In southern Arizona, the majority of our rainfall comes in the form of brief, torrential downpours during our monsoon season. It is important to plan your water harvest system so that it can accommodate the large volume of water in a short period of time.
•Larger pipes allow a higher volume of water through the system more quickly. It is not uncommon to use 3″ and 4″ PVC pipe to supply the storage culvert.
•Larger culverts ensure that enough water can be stored to last through out the dry season. When choosing what sized to make the culvert, it is important to consider how much water your roof collects as well as how much you will need throughout the year.
•Heavy rainfall collected by a large roof can very quickly (in a few minutes) overflow a smaller storage culvert. Using an overflow drain pipe to direct any excess water to collection swells or tree wells and then to drainage washes will help ensure that your system maximizes the use of rainwater and reduce erosion.
Rainwater Harvest System Components
Rain Gutter – The main purpose of a rain gutter is to protect a building’s foundation by capturing the water collected by the roof and channeling it away from its base. The gutter also helps to reduce erosion, prevents leaks in basements and crawl spaces, protects painted or stained surfaces by reducing exposure to water, and provides a means to collect rainwater for later use.
Leaf Catcher – A leaf catcher is a catchment device designed to capture the water from the rain gutter. The leaf catcher has a mesh screen cover that prevents leaves and debris from entering the Rain Harvesting system which improves water quality and reduces tank/cistern maintenance.
First Flush – First flush water diverters improve water quality and reduce rainwater culvert maintenance by preventing the first flush of water, which may contain roof contaminants, from entering the rainwater culvert which helps ensure cleaner water is available for use. Downspout First Flush Diverters, such as the 3″ and 4″ kits, are installed at each downspout that supplies water to the rainwater culvert.
We carry a floating ball valve system which is a simple automatic system that does not rely on mechanical parts or manual intervention. As the water level rises in the diverter chamber, the ball floats, and once the chamber is full, the ball rests on a seat inside the diverter chamber preventing any further water entering the diverter. The subsequent flow of water is then automatically directed along the pipe system to the tank/cistern.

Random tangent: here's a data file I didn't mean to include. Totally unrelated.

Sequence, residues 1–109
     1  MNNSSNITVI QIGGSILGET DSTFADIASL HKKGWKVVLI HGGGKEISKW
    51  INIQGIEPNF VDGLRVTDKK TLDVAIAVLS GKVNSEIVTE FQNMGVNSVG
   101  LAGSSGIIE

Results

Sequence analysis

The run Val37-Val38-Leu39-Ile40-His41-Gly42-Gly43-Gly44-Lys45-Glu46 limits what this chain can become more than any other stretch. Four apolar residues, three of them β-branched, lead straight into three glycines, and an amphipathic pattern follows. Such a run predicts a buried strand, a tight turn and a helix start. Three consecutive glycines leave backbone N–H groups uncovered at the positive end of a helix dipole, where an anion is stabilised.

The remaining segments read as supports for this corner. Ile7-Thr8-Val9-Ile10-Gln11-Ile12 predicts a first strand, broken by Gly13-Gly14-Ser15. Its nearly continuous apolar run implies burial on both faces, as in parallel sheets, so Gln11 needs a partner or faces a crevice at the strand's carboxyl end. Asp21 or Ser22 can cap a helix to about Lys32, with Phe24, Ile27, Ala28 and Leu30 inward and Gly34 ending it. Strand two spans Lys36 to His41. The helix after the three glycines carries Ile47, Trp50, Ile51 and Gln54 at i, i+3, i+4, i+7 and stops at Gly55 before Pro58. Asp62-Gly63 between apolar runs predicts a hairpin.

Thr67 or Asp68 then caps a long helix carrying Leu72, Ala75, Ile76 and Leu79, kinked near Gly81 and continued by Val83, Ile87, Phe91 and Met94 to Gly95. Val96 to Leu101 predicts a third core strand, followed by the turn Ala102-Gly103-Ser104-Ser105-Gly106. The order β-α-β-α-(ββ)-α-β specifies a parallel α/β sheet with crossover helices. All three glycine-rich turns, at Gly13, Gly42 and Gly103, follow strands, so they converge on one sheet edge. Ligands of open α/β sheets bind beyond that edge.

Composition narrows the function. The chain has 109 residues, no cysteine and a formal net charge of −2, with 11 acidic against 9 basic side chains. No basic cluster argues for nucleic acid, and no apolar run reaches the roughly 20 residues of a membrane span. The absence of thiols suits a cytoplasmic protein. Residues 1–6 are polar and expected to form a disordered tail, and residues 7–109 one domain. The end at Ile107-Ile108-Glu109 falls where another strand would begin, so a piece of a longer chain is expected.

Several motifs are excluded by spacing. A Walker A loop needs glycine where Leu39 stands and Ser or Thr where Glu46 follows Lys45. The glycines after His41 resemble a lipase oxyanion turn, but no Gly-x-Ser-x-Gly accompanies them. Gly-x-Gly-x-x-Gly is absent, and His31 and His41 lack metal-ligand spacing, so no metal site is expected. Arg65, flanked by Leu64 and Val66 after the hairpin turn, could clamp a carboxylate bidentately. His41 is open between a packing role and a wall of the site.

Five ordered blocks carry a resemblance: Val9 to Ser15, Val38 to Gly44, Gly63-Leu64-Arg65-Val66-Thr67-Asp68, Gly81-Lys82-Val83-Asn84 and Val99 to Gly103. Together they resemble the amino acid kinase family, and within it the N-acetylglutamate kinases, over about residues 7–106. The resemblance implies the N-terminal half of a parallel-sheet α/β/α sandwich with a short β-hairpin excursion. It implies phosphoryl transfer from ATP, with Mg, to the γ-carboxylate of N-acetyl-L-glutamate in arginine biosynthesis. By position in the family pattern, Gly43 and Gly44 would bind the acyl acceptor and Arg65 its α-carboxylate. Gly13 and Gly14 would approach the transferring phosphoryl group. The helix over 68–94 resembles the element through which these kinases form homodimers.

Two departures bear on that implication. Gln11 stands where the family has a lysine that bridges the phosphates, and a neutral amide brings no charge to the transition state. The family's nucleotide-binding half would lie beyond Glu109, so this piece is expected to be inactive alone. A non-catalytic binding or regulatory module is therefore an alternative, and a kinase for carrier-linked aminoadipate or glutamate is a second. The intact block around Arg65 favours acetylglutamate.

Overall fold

Rainwater Supply Pipe – The rainwater supply pipe funnels water from the leaf catcher, into the first flush and finally into the rainwater culvert. The supply pipe is usually routed under the tank and through the concrete slab. The supply pipe should be made from 3” or 4”, PVC or ABS pipe and can be painted to provide UV protection.
Overflow Pipe – The overflow is a section of pipe that sheds excess water from your rainwater storage when rain exceeds the tank’s capacity. The overflow pipe should have a capacity equal to or greater than the inflow pipe. The pipe should divert the overflow into a drainage swell which allows the excess rainwater to infiltrate into the soil at depth over time. This excess water can then be used by plants or becomes groundwater. It is important to include a drain cap, pop up, or mesh screen at the end of the pipe to prevent rodents and animals from entering and contaminating the collected water.
Hose Bib – The primary access to a rainwater culvert’s supply is through a standard ¾” hose bib. The ¾” size is preferred over the ½” size because water is gravity fed. The ¾” hose bib allows the water to flow more easily out of the culvert. The Hose bib is connected to ¾” PVC pipe with a ¾” female adapter using plumbers (Teflon) tape to ensure there is no leaking.
Tank Flush Out Pipe and Drain Valve – The tank flush out pipe is installed so that the rainwater culvert can be drained quickly. This ensures that the culvert can be quickly accessed in the event that maintenance or repairs must be completed or the hose bib clogs and requires cleaning. The Drain valve should be accessible from the surface or via an irrigation valve box. A pop up valve should be placed at the ground surface and connected to the end of the pipe.
Culvert and Concrete Slab – The galvanized steel culvert is embedded into a concrete slab. Depending on the size of the culvert, it is advisable to reinforce the concrete with re-bar. (example: 60 inch culvert requires a 7 foot diameter 12 inch thick concrete slab. That’s 1.5 cubic yards of redi-mix.)When the concrete slab has cured the interior concrete and first several inches of the culvert and the culvert seams should be sealed using a liquid/gel rubber sealant.
Rainwater Harvesting Cistern – Choose the size of cistern for the area you want to capture.
The system includes a culvert, lid, leaf eater, first flush, and 1 gallon blue max rubber sealant.
You will need to purchase forms and concrete mix, portland and re-bar for the base.
For instance, a 60 inch culvert will require a 7 foot diameter base 12 inches thick. You will need 1.5 cubic yards of redi-mix.
4 inch PVC pipe enough for: rainwater supply, first flush, overflow and flush out
elbows and couplers
1 inch PVC pipe and hose bib
rodent guard and drain cap
drain valve and irrigation valve box
The parts supplied are for 4 inch pvc piping.
All parts offered are available for for purchase individually or may be special ordered.
Culvert Prices by the Foot
Custom Culverts can be cut to a specific length upon request. All diameters priced by the foot up to 20 feet. Cutting fee is $30.00 per cut.
The lids are galvanized and tapered to fit culvert.
Tucson Rainwater Harvesting Program Resources: Rainwater Harvesting Rebate Program